Apple opened its first retail stores on May 19, 2001 - one in Virginia and the other in California. In the Steve Jobs biography, author Walter Isaacson wrote how Jobs had wanted Apple to have its own stores so that their iMacs didn’t have to “sit on a shelf between a Dell and a Compaq while an uninformed clerk recited the specs of each”. Despite initial criticisms and comparisons to Gateway’s failed retail stores, Apple Stores not only continue to exist today, but are regarded as one of Apple’s greatest innovations - one that now contributes to more than 10% of Apple’s revenue.
“Unless we could find ways to get our message to customers at the store, we were screwed.” - Steve Jobs
I’ve previously written about the coverage of Apple’s entertainment services in international markets (including how they compare to Google, Microsoft and Amazon), so I was similarly intrigued by how Apple’s stores have expanded into countries outside the US. Whilst researching all this, I came across other questions such as whether Apple had a particular preference for when they opened new stores and how the expansion of their retail network would affect visitors and profits. What I have found isn’t particularly groundbreaking, but there are certainly some trends and fascinating tidbits that I’ve come across, all of which is detailed below the break.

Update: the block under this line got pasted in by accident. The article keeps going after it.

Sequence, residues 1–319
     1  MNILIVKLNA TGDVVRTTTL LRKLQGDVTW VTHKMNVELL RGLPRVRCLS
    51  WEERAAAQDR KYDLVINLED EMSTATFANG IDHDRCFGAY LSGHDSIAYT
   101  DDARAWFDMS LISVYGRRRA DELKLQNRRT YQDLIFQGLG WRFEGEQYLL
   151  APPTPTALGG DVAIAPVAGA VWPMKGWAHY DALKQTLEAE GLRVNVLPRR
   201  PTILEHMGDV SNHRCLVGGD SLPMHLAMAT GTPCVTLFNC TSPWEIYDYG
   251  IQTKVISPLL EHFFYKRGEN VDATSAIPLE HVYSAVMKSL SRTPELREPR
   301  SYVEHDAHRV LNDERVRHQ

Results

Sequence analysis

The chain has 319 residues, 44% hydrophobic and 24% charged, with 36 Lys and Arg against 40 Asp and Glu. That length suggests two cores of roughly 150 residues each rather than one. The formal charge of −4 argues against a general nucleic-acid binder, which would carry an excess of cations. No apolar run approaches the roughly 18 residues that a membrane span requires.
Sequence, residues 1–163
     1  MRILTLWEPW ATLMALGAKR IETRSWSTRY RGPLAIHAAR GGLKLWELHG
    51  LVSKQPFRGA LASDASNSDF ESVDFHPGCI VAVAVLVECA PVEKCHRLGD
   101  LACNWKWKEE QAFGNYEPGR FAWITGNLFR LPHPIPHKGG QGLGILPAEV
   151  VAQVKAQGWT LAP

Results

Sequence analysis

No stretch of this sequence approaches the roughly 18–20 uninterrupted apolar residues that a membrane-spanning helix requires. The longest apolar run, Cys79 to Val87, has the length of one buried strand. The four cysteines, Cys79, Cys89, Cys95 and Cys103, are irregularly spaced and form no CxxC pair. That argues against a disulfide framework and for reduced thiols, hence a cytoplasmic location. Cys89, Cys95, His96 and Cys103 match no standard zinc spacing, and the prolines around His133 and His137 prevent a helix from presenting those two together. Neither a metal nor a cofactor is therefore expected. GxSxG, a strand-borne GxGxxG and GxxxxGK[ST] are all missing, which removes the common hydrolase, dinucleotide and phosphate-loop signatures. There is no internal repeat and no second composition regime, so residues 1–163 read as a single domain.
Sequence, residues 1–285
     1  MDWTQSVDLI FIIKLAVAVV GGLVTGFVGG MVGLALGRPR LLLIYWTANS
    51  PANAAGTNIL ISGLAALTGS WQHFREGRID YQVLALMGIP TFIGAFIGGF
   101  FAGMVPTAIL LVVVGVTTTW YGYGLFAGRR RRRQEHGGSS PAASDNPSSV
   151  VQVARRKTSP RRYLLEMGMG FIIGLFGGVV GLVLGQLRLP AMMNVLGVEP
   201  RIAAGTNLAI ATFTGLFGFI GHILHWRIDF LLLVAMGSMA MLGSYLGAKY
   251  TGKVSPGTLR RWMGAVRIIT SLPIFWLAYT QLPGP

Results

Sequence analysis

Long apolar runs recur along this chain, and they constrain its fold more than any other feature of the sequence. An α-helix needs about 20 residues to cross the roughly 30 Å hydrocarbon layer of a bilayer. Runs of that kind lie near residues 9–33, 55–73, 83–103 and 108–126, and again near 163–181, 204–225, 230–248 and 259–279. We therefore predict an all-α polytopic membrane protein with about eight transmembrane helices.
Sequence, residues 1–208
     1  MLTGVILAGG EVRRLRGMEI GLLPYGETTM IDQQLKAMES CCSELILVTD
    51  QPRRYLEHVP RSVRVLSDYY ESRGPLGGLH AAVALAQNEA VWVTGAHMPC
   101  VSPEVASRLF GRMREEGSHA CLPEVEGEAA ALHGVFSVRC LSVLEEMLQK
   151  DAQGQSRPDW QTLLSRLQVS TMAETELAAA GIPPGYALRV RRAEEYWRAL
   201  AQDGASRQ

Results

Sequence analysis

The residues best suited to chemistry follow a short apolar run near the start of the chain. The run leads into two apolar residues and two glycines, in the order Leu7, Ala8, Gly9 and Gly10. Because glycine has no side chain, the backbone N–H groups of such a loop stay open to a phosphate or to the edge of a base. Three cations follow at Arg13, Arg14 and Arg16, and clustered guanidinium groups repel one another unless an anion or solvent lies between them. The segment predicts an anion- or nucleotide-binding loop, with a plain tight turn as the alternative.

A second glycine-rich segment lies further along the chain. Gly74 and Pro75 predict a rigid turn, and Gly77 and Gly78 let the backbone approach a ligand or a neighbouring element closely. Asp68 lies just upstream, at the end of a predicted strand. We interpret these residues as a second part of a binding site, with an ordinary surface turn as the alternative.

A note to RSS readers: This article includes an HTML5 diagram that likely won’t display in your reader, view this post in your browser (it works on iOS devices) to view that diagram. Apologies for the inconvenience.
Below are two diagrams that really tell you the entire story of Apple’s expansion into retail stores outside the US. The first is interactive, allowing you to view every Apple Store that opened during each of Apple’s fiscal quarters for the last 11 years up through Q1 2012, along with some statistics about that quarter.
Note: When quarters are referenced they are fiscal quarters, when years are referenced, they are calendar years. So Q1 - 2011 is October, November and December of 2011. So to be totally clear every calendar year will start with fiscal Q2 then Q3, Q4 and finally Q1 and repeat. Apologies for the confusion here, this initially made most sense when I started researching but is now too difficult to alter without significant time. For the images, click to view them at a slightly larger size.